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Belfry of Lier

Building from the 14th century with Gothic Belfry. Open for groups after arrangement at the Tourist Office. For individuals from April – October, every Sunday afternoon at 2.30 PM.

Belfry of Lier

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Belfry of Aalst

Gothic Belfry from the 15th century. Restored in the 19th century. Carillon with 52 bells.

Belfry of Aalst

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Belfry of Kortrijk

The Hall dates from the Middle Ages. In 1520 the upper part was rebuilt. The Belfry has a carillon with 48 bells. Can only be visited by groups by appointment.

Belfry of Kortrijk

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Belfry of Hesdin Town Hall

Although the first town hall and belfry had been recorded here in 1563, Hesdin had been without a belfry for a century by 1875 when Daniel Lereuil, the son of the mayor, donated money for the building.The bell was later named Danièle-Marie-Pauline-Henriette after the donor’s mother.The tower is 70m high, stone-built, and the lower part is incorporated into the town hall.At the top, the watchman’s platform is covered by a slate dome to provide some protection from the weather.The belfry is now a UNESCO World Heritage site, together with other belfries in northern France and Belgium. The ground floor of the belfry is open to visitors and the town hall houses the local museum.

Belfry of Hesdin Town Hall

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Belfry of Brugge

The most important of Bruges’ towers stands 83 metres tall. It houses a treasure-chamber, an impressive clock mechanism and a carillon with 47 silvertoned bells.Your reward after a climb up the tower’s 366 stairs is a breathtaking and unforgettable panoramic view of Bruges and her surroundings.

Belfry of Brugge

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Belfry of Herentals

Rebuilt in 1534 this Belfry has 50 bells. Open from Tuesday – Friday from 2 PM – 5 PM. During the weekends and on public holidays from 2 PM – 6 PM.

Belfry of Herentals

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Belfry of Binche

The Town Hall was built in the 14th century. The Belfry was rebuilt end 16th century. Open from Monday – Thursday from 8 AM – Noon and from 1 PM – 6 PM. On Fridays from 8 AM – Noon.

Belfry of Binche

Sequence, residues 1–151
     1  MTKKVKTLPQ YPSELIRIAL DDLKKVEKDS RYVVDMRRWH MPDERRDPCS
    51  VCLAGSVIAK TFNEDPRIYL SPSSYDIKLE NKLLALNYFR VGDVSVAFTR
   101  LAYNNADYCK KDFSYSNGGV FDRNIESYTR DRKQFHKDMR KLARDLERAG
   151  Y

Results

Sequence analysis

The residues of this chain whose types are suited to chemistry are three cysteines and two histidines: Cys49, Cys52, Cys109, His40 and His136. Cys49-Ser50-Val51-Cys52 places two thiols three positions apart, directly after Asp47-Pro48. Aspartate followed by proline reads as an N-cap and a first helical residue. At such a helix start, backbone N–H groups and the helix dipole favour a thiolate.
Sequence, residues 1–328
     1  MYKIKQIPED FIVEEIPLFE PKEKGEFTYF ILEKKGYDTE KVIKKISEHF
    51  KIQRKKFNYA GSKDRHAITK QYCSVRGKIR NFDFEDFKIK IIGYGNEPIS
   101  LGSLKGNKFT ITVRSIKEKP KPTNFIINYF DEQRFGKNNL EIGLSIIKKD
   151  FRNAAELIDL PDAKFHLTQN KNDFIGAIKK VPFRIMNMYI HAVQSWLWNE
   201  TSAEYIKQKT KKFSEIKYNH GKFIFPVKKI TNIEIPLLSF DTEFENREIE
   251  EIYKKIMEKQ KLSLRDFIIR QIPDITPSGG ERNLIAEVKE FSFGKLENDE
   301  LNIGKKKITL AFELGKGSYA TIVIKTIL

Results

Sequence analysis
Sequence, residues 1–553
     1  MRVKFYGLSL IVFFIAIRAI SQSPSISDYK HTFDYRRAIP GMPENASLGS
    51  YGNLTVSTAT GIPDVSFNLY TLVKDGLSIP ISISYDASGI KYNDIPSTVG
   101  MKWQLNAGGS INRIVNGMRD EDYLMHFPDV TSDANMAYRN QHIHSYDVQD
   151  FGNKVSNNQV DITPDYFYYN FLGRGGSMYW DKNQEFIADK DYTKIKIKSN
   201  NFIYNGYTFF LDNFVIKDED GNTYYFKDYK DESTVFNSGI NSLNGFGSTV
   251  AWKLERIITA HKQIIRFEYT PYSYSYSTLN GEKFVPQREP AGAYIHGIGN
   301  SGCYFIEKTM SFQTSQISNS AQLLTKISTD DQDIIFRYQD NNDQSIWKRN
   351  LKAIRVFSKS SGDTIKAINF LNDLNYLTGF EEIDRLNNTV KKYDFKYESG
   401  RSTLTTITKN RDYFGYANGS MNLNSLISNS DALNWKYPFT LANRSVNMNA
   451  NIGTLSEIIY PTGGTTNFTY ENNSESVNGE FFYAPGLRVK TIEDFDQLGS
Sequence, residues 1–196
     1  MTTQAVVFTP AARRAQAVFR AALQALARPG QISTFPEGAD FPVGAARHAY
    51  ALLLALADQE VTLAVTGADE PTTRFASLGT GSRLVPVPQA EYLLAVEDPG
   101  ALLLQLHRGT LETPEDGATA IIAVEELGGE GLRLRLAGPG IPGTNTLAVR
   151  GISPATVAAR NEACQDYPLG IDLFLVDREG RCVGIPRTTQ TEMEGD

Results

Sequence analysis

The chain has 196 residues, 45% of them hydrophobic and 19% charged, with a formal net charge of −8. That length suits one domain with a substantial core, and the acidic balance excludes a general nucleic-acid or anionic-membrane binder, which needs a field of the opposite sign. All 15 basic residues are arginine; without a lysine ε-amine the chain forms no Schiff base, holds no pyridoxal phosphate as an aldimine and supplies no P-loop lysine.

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Belfry of Namur

Also called the Tower of St. Jacob. Originating from the 14th century and ‘only’ 20 meters high. Can only be visited by appointment.

Belfry of Namur

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Belfry of Gent

The 91 m high Belfry, built adjacent to the 15 th century Cloth Hall, has 52 bells. Open from mid March – mid November daily from 10 AM – 12.30 PM and from 2 PM – 6 PM. From May – September and Easter Sunday free guided tour at 2.10 PM, 3.10 PM, and at 4.10 PM. From the Belfry you have a splendid view over the city of Gent.

Belfry of Gent

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Belfry of Lo-Reninge

Former 16th century Town Hall, now a hotel-restaurant.

Belfry of Lo-Reninge

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Belfry of Roeselare

The old part of the Town Hall dates from 1770. In 1924 the new part and a modern Belfry was added to the building. Can only be visited with guide after arrangement.

Belfry of Roeselare

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http://commons.wikimedia.org/wiki/File:Lucheux_beffroi.jpg

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http://commons.wikimedia.org/wiki/File:Beaulieu-sur-Dordogne_belfry.JPG

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http://gounesco.com.s3-ap-southeast-1.amazonaws.com/wp-content/uploads/2014/06/03053441/415px-Binche_Beffroi.jpghttp://gounesco.com.s3-ap-southeast-1.amazonaws.com/wp-content/uploads/2014/06/03053441/415px-Binche_Beffroi-150x150.jpgSatyajit BaliyanStudent ProgramWHS researchWorld Heritage Sitesbelfries,Belgium,Europe,Satyajit Baliyan,whsresearch,world heritage,World Heritage Site
The definition of the term 'belfry' was somewhat vague at the outset. referring originally to the mobile wooden towers used in siege warfare, the term was later applied by Viollet-le-Duc in the Dictionnaire raisonné de l'architecture française to the wooden watchtowers mounted on the palisades surrounding the portus or...